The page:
Stress, Covid-19 and Nature

Are you quarantined due to Covid-19? Perhaps you have lost your job or maybe all you do is go from home to work and back, in order to protect yourself and family. Have you been out of contact with friends and loved ones due to Covid-19? 

Are you concerned about friends or family members who are currently ill with Covid-19? Have you lost loved ones to this terrible disease?

Are you responsible for keeping children occupied, productive, and happy, as well as helping them navigate virtual school? 

The common denominator of all the above situations is increased stress. Covid-19 has led to exponentially increased levels of stress for EVERYONE. We have all been impacted in some way by this pandemic. 

When we look at stress from the perspective of brainwave activity, we find that stress increases beta brainwave activity. Conversely, like the chicken and egg puzzle, increased beta brainwave activity increases feelings of stress. Whatever the reason for the increase in beta brainwave activity, the result is feelings of stress.

Stress negatively affects our sleep, our moods, our relationships, our work, our eating habits, and our health. Finding ways to reduce stress during these unsettling times is even more important now than in normal everyday living.  

You are probably already aware that meditation, mindfulness practices, and exercise have all been proven to reduce stress. Also, taking three, slow deep breaths instantly helps relax the brain and reduce beta activity.

But, what else can we do? Have you ever been told to go take a walk and “cool off”? 

It turns out that taking a walk really does make a difference. However, what science is discovering is the key to releasing stress is walking in areas that have a natural setting with trees, grass, plants, shrubs, and/or green areas. Studies in both Japan and Finland found that people who walked in a natural, woodland setting experienced lower heart rates, lower blood pressure, and less anxiety. These changes did not occur when the same people walked the same amount of time in urban settings. (Greater Good Online Magazine)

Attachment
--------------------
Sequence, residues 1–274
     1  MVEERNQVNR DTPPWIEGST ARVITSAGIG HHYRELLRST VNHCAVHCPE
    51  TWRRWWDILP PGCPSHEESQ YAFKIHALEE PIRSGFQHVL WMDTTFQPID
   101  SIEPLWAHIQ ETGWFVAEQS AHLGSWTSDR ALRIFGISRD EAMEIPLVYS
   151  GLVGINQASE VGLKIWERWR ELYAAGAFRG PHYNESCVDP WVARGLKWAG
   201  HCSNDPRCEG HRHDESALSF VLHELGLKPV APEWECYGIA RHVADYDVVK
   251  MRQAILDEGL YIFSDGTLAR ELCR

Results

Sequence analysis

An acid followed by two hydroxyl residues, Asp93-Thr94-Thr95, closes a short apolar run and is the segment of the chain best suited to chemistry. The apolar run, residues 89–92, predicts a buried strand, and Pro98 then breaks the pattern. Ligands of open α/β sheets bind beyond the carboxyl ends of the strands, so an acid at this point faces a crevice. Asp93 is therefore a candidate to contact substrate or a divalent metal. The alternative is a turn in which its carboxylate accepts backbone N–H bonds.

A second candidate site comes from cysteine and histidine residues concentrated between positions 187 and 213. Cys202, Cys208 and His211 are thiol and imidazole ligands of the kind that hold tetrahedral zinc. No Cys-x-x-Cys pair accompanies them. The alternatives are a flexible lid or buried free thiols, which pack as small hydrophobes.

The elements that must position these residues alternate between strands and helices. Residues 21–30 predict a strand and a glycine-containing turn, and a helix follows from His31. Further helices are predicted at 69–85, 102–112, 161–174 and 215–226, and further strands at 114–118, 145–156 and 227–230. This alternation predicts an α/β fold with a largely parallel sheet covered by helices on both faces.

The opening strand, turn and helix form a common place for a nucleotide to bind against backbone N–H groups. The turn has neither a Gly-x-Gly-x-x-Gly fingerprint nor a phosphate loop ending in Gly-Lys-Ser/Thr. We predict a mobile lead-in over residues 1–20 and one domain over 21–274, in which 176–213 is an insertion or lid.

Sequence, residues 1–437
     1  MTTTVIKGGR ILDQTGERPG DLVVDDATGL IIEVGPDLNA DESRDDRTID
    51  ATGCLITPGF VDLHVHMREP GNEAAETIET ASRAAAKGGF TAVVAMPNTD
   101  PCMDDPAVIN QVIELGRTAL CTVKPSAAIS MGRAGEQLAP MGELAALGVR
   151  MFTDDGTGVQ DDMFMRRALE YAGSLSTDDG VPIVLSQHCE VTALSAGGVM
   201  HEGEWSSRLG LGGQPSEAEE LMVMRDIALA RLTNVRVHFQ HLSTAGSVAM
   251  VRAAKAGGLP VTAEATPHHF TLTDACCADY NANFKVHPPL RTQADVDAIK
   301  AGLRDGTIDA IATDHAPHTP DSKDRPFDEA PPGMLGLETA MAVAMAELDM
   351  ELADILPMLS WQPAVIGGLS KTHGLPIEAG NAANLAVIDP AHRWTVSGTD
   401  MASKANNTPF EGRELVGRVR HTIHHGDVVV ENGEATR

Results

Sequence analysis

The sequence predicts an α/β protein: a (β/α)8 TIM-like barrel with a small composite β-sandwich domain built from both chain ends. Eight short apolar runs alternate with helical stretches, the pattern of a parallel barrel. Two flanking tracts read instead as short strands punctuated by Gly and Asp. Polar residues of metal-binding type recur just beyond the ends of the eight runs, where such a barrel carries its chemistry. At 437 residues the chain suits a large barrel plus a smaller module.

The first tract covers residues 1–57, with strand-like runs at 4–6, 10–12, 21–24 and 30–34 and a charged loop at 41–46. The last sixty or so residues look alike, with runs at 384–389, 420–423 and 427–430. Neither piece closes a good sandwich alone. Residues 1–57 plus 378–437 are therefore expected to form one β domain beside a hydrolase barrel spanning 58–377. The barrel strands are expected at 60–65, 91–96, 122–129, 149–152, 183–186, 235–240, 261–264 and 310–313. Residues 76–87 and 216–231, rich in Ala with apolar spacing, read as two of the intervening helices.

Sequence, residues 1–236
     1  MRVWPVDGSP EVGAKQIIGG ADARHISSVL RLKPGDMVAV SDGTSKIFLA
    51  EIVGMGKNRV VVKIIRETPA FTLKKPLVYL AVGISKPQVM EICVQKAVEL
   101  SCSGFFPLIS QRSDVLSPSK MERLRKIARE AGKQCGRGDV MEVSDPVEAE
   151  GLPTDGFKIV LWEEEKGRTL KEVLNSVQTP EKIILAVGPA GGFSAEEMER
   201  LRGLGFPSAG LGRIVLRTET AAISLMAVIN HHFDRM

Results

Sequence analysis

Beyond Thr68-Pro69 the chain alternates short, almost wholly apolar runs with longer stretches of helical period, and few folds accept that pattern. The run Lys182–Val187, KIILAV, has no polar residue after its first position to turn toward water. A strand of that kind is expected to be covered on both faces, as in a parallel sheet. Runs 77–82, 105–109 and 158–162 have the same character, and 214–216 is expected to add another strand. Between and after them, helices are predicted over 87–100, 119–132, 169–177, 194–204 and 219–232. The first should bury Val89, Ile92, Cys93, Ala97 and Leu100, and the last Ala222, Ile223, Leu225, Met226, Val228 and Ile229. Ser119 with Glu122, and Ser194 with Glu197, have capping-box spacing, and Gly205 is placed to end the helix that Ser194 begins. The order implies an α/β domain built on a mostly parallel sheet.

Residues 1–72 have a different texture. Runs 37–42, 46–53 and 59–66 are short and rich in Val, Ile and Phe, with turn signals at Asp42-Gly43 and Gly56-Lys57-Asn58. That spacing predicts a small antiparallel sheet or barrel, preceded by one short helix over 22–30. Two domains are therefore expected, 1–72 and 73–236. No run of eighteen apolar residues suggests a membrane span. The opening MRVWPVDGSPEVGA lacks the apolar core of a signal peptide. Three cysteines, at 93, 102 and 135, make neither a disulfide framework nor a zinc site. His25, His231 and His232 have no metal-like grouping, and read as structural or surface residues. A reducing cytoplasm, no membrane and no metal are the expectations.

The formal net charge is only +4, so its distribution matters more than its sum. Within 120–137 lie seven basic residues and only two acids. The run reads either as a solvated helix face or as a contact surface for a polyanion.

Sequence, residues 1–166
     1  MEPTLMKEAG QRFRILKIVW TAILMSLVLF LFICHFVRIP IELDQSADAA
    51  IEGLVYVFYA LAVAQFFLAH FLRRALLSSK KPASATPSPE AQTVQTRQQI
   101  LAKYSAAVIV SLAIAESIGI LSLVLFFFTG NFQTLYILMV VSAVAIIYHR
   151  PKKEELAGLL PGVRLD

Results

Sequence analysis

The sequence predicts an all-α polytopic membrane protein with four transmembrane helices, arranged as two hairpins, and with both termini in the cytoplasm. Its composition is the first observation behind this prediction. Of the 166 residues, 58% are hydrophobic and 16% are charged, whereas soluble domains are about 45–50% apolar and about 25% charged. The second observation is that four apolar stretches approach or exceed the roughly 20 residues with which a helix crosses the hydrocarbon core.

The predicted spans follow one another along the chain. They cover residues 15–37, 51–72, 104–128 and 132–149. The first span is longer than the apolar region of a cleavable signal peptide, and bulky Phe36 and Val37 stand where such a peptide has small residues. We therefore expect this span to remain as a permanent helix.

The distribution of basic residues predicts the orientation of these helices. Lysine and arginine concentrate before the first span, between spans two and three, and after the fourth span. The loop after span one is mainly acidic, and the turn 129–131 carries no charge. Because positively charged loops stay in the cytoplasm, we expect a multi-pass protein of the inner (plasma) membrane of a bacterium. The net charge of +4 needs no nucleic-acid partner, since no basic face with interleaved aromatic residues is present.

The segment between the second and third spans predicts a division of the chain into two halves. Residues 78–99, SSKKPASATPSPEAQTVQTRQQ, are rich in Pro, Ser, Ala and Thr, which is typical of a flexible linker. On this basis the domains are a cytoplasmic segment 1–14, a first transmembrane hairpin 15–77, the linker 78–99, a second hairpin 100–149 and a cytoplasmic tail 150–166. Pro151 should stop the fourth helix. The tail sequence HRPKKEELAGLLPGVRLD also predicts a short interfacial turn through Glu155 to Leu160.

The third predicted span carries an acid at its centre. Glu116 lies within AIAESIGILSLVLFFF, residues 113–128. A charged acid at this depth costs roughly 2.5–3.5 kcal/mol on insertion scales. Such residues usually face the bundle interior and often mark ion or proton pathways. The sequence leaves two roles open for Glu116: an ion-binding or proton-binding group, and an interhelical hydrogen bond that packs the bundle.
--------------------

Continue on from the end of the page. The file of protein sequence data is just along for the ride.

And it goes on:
Scientists have discovered that interacting with nature changes brainwave activity. 

Peter Aspinall, (Emeritus Professor of Environmental Studies at Heriot-Watt University, Edinburgh) and associates used mobile EEG machines to track volunteers as they walked in various settings. Walking in green urban areas versus busy traffic urban areas lowered beta brainwave activity.  Lower beta waves allows increased alpha wave activity, which improves brain relaxation and lowers stress. (Cities and Health Online Journal)

David Strayer, of the University of Utah states: “Now we are seeing changes in the brain and changes in the body that suggest we are physically and mentally more healthy when we are interacting with nature.” (Greater Good Online Magazine)  

Even more interesting, just watching color and sound videos of natural scenes also lowers beta activity and relaxes the brain. 

Roger Ulrich of Texas A&M University and colleagues, showed that participants who viewed a stress-inducing movie, and were then were exposed to color/sound videotapes depicting natural scenes, showed much quicker, more complete recovery from stress than those who’d been exposed to videos of urban settings. (Greater Good Online Magazine)


The significance of these studies is clear: interacting with nature is a proven method to reduce stress. Now, more than ever, it is crucial to find a way to interact with a natural setting. 

Most importantly, it doesn’t have to be a hike in the mountains, although that is an awesome way to connect with nature. Interacting with nature can be as simple as walking down a quiet, tree-lined street, visiting a local park, or sitting under a tree in your own backyard.

A substantial finding that especially applies to people who are in quarantine, in rest homes, or who otherwise are physically unable to go outside, is that simply watching nature videos has the positive effect of lowering stress levels. 

Instinctively, we know that being in natural settings feels good. We now have scientific proof that spending time in a natural setting lowers blood pressure, heart rate and beta brainwaves. When beta brainwave activity is lowered, feelings of anxiety and stress are relieved and feelings of relaxation and well-being increase. 

So, please, let’s all go for a walk amid trees, grass and flowers. Listen to the birds and smell the flowers. Allow the sights, sounds and smells of nature to soothe our hearts and minds.


“The impact of walking in different urban environments on brain activity in older people.”

Greater Good Magazine

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